I loved this. I'm interested in palliative medicine and this book was a great example of the more holistic approach it takes. I disagree with his views on physician assisted suicide but his arguments were well thought out and opened up new aspects of the debate that I hadn't thought about before. Only four stars because I found it got repetitive towards the end
S Beverage
An important topic that Americans tend to avoid - especially pertinent given what has been going on in my family, and the loss of my father in law.

We need to talk to each other honestly about how we can live our lives well, all the way to the end, and what that means both personally and for us as a society.

Definitely worth reading.
Samuel Brown
Not quite as good as his earlier _Dying Well_, but Byock continues to exhibit a good mind and a great soul as he works through issues relevant to our current engagement with life near the end of life. We should all be so fortunate as to have a doctor like Ira Byock at our side when it is our time to prepare to leave.
Beverly Musto
Every Baby Boomer should read this book. It is eye opening. We need to be able to discuss end of life care/wishes in our personal lives and in healthcare in general. This is not "death panals," but making end of life care available to every so that they can enjoy quality of life to the very end.
A passionate argument for the value of hospice palliative care in America. Though the funding of health care in Canada is markedly different from the US, Byock's book speaks to the urgency of our coming to grips with the needs of dying people and their families.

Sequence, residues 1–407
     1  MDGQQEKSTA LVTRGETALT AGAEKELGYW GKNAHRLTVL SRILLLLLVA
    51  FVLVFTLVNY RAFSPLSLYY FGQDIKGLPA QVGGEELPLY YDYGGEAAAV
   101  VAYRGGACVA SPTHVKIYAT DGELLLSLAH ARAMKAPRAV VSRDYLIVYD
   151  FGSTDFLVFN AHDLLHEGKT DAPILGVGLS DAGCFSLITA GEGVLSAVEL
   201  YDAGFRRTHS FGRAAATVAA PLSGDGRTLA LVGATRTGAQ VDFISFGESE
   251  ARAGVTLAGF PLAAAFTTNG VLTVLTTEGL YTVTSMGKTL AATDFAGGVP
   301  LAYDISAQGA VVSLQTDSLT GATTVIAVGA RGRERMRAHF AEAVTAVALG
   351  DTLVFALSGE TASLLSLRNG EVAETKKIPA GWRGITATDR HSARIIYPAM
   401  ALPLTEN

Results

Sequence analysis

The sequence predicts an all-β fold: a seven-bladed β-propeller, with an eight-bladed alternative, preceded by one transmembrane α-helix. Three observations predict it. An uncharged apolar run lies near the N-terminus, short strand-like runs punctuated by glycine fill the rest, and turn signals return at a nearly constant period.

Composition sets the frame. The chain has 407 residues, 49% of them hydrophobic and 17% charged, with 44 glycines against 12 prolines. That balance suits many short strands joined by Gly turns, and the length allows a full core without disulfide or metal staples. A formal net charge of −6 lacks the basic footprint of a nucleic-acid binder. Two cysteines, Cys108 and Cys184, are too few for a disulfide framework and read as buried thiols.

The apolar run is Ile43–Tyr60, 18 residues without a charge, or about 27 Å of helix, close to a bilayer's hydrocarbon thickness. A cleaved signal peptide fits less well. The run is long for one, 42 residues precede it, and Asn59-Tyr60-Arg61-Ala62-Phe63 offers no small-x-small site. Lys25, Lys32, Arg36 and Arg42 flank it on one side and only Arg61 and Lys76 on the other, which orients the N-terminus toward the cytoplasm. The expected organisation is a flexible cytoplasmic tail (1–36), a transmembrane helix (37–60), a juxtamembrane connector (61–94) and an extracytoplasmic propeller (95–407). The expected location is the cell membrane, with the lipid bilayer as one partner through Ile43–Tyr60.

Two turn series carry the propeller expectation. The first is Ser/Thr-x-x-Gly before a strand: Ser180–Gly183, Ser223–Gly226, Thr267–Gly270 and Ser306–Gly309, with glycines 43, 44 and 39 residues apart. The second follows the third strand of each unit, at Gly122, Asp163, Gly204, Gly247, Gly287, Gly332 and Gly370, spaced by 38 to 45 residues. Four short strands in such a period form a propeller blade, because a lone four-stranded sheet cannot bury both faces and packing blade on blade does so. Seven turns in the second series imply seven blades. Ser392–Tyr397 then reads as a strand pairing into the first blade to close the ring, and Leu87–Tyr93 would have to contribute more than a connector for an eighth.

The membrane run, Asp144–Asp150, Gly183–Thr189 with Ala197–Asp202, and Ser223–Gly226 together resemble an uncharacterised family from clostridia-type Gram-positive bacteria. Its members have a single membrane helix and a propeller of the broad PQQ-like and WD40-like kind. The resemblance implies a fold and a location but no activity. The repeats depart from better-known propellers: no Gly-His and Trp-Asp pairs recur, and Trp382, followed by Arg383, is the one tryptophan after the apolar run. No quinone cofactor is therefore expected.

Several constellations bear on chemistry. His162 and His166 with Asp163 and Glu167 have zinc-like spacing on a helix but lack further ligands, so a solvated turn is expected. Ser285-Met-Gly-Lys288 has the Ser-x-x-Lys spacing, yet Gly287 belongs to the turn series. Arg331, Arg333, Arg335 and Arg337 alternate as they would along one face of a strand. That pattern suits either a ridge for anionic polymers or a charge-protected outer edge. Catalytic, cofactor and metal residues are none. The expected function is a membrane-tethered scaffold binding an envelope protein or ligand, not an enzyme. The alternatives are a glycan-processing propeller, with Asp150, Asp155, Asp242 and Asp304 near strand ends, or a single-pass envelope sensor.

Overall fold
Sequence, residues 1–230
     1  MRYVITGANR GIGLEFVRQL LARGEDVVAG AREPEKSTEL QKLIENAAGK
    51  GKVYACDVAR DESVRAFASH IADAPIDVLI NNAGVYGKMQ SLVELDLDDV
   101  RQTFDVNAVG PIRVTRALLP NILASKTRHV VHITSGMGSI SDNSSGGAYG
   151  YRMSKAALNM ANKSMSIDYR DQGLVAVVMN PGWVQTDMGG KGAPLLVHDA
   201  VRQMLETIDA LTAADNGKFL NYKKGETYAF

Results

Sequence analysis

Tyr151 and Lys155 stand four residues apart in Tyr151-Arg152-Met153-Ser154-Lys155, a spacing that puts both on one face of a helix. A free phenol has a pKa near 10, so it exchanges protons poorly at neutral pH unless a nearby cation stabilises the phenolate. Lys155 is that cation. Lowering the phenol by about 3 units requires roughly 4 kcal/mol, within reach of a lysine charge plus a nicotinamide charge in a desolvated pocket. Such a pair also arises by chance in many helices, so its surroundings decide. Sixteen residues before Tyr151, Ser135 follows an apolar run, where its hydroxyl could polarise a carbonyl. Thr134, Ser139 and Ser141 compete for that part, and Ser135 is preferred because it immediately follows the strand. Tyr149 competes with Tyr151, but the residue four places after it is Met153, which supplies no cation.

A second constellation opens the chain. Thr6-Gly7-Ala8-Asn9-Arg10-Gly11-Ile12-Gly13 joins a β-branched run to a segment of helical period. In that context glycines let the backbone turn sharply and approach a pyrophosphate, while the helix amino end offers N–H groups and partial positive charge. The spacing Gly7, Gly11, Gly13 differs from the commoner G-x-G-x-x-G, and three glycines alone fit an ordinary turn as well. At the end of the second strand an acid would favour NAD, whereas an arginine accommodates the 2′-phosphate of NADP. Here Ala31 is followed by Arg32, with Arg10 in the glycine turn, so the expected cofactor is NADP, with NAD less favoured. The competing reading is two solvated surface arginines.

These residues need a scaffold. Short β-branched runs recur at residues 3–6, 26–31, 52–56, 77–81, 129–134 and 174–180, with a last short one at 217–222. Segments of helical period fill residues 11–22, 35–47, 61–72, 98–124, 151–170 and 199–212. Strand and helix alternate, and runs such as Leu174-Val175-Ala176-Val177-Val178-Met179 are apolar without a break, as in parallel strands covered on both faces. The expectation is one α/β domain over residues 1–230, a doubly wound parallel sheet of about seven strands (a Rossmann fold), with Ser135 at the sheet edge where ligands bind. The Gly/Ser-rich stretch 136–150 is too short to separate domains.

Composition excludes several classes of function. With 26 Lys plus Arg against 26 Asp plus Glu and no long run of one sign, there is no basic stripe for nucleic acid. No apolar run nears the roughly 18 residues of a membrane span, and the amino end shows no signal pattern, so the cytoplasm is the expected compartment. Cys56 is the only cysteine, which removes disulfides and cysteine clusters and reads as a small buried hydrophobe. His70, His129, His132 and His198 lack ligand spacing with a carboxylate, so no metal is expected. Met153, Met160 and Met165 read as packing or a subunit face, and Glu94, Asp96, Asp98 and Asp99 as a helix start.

An important book about our healthcare system. Anyone who doesn't want their loved ones (or self) to become victims of our system should read this. It is both inspiring and tragic. The author urges us to demand changes, for the sake of everyone.
Sherry Tippey
Dr. Byock celebrates life by advocating for the most compassionate care for those who are dying. A must read for caregivers and relatives of elders; together we must face end-of-life issues with sensitivity and reverence.
Dick Muir
A remarkable book that uses many stories to illustrate the concept of palliative care from all directions; the patient, the family and the caregivers whether they be family, friends or healthcare professionals.
Andrea van der Hoek
If you've had any contact with this content before, parts of the book can seem redundant, but overall, this is an excellent introduction to understanding palliative care and the potential benefits.

One of my gravest concerns is that we do die so poorly on this country. Why don't we discuss it? Support those in the process of dying, and comfort their loved ones.
A book that does an excellent job of discussing care at the end of life. Very accessible to non-healthcare professionals, but equally valuable for them.
I only read the beginning of the book but want to get it again. Many of the chapters are personal stories that I would like to hear.
A helpful and informative book.......not such a bad idea for aging patients and their families to read. Ironically it's a comforting read.
This book really clarified and revised my thinking about lots of end-of-life issues. Very worthwhile.
Another Awesome book by Ira. This should be read by everyone in healthcare. Unbeleivable. Thanks, Ira.
Marcia B
Everyone who has loved ones should read this book!!
Carol Roeder
Amazing book. Must read for all practitioners.